Nobody will argue that Maryland’s Wage and Hour Laws have ever been a model of legislative clarity, but several recent federal court decisions interpreting those laws – and severely limiting potential damages for overtime claims – should make plaintiffs’ employment law practitioners think long and hard before routinely filing their next overtime case in state court.
For years, plaintiffs filed overtime cases in state court seeking overtime wages under the Maryland Wage and Hour Law (“Wage & Hour Law”) and treble damages under the Maryland Wage Payment and Collection Law (“Payment Collection Law”). This common practice made sense, especially in small cases where only a couple of thousand dollars were at issue, and the informality of state district court or circuit court was much better suited than the formality of federal court to hear such relatively small cases.
In two recent federal cases, however, both Judge Motz, in Tucker v. Systems Specialists Furniture Installation, Inc., and Judge Blake, in McLaughlin v. Murphy, held that the Payment Collection Law does not apply to overtime claims, even after termination of employment, but rather only applies to two limited types of wage claims: a) claims that an employer failed to pay an employee wages owed upon termination of employment, i.e. regular wages or bonuses or commissions; and b) claims that an employer failed to pay employees on a regular basis, i.e. every two weeks or twice monthly.
From a practical viewpoint, these decisions are undoubtedly harsh – if a state court judge chooses to rely on these federal court opinions, plaintiffs filing suit in state court under Maryland state law will only be able to recover their actual lost overtime wages, not double or treble damages (they are statutorily barred from seeking punitive or emotional distress damages). From a policy viewpoint, these decisions have effectively destroyed the viability of the Wage and Hour Law and Payment Collection Law as they relate to overtime pay, because the lack of treble damages will discourage the plaintiffs’ employment bar from pursuing legitimate cases, and because the elimination of such damages undercuts the deterrent that encouraged employers to pay overtime to employees. After all, if the only penalty for an employer who does not pay overtime is that they may be ordered, after litigation, to provide overtime pay that they should have paid to the employee in the first place, employers may choose not to pay overtime to the employee in the hopes that the employee will not pursue litigation.
Of course, there is one other option. Plaintiffs can file overtime claims in federal court under the Fair Labor Standards Act (FLSA), where they can seek liquidated damages of double the amount of actual overtime awarded – not quite as lucrative as treble damages, but better than only receiving actual damages. In fact, given a choice between filing overtime claims under the Wage & Hour Law or under the FLSA, any rational plaintiffs’ employment attorney would head straight for federal court – and the promise of FLSA’s double damages. Thus, as a practical matter, by eviscerating the Payment Collection Law’s application to overtime claims, Maryland’s federal court has effectively required that any overtime claim in Maryland be filed in federal court, rather than in state court (where any FLSA claim is subject to removal).This is a textbook example of the law of unintended consequences, because the people who will suffer as a result of these decisions are the same workers who are supposed to benefit from the Payment Collection Law and the Wage & Hour Law. First, many of those workers will now be unable to find plaintiffs’ employment attorneys willing to represent them, because the reality is that many overtime claims are for relatively small amounts of money, and the high costs of litigating in federal court combined with the inability to obtain treble damages will discourage plaintiffs’ employment attorneys from taking such cases. Second, for those workers who live in Western Maryland or on the Eastern Shore, it will undoubtedly be difficult to find plaintiffs’ employment attorneys willing to travel to Baltimore or Greenbelt to pursue overtime cases for a few thousand dollars. Perhaps it is ironic that the same federal judges who eliminated treble damages are likely to see their employment law caseload increase substantially as a result of their decisions, because any plaintiffs’ employment attorneys still willing to pursue overtime cases will now seek liquidated damages under the FLSA in federal court.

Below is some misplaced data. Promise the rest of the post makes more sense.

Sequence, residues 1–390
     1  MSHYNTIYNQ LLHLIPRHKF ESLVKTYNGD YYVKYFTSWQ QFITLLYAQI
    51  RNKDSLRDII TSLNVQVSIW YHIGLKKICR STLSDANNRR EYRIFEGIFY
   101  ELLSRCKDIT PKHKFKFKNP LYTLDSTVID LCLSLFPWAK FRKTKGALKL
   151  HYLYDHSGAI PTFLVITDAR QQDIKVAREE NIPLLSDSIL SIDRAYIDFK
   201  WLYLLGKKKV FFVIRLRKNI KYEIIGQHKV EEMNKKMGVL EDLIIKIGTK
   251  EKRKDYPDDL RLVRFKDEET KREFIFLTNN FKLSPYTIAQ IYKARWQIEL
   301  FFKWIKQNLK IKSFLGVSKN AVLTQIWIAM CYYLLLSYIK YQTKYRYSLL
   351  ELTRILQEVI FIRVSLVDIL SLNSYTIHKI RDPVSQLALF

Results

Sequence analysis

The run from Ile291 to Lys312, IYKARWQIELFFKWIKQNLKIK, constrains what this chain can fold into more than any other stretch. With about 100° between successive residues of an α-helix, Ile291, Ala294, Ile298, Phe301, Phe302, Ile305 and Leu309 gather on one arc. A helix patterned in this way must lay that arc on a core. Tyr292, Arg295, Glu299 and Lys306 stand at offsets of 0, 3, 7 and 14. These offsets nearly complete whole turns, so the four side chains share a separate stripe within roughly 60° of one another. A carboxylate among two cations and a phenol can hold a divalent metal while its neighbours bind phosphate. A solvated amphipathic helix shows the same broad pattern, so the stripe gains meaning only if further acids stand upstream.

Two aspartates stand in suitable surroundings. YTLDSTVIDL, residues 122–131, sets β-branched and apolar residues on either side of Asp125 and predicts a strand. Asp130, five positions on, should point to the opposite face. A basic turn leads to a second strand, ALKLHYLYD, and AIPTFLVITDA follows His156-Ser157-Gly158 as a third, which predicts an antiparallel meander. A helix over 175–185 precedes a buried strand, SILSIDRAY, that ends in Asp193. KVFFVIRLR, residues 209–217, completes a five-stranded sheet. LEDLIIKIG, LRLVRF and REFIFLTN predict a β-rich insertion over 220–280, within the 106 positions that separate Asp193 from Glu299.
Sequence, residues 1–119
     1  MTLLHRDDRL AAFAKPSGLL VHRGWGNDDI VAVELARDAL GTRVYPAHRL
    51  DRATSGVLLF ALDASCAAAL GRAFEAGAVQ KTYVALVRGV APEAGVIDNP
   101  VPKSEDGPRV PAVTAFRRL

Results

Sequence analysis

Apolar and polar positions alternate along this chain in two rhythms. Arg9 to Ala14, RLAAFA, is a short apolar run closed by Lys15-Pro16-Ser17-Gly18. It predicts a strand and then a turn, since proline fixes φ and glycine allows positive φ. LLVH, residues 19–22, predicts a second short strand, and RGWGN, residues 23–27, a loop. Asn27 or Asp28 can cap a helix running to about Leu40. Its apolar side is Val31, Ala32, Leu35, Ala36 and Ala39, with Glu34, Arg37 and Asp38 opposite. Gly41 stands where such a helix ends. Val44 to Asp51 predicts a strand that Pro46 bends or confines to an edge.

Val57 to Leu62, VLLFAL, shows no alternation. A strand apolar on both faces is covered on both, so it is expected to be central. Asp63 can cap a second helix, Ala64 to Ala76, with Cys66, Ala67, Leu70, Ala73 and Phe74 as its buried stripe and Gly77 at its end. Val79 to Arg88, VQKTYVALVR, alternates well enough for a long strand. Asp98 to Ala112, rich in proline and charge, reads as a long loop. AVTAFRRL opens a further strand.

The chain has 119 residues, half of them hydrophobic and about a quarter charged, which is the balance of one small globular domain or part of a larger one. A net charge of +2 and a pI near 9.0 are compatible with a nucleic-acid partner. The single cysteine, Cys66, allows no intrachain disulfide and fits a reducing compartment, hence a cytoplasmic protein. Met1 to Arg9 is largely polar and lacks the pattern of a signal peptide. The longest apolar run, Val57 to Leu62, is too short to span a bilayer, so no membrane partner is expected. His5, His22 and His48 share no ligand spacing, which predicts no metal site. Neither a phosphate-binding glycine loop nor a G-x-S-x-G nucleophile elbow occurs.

The solution for this dilemma is painfully simple – Maryland’s legislature need only clarify the language of the Payment Collection Law so that workers who are not paid overtime wages can sue for treble damages and are not limited to actual damages. Such legislation would serve as a deterrent to employers who do not want to pay overtime, encourage plaintiffs’ employment attorneys to pursue overtime claims, and convince plaintiffs to file suit in Maryland state courts under Maryland state law, rather than being forced to resort to federal law in federal court.
Andrew M. Dansicker practices employment law in Towson, Maryland, at the Law Office of Andrew M. Dansicker, LLC.